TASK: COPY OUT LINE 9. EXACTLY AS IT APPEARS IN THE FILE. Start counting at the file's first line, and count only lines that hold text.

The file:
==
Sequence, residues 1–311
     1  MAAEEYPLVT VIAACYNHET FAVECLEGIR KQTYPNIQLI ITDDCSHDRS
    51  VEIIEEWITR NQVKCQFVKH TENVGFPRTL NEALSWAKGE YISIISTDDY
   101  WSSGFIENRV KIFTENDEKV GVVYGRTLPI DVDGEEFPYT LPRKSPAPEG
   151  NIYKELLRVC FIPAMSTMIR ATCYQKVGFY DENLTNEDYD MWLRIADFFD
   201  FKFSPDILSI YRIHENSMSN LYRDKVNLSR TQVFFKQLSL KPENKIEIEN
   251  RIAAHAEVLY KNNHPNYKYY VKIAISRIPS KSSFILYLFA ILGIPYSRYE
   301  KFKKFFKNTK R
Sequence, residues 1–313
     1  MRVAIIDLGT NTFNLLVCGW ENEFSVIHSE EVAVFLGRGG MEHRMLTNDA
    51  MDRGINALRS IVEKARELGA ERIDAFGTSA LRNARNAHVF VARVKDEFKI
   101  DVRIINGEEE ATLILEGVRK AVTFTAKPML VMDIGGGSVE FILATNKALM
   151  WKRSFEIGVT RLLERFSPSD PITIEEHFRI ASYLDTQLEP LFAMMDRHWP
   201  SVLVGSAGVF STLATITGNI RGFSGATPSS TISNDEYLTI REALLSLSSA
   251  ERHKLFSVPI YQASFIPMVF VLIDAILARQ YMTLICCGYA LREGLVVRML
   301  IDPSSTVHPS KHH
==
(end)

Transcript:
Sequence, residues 1–313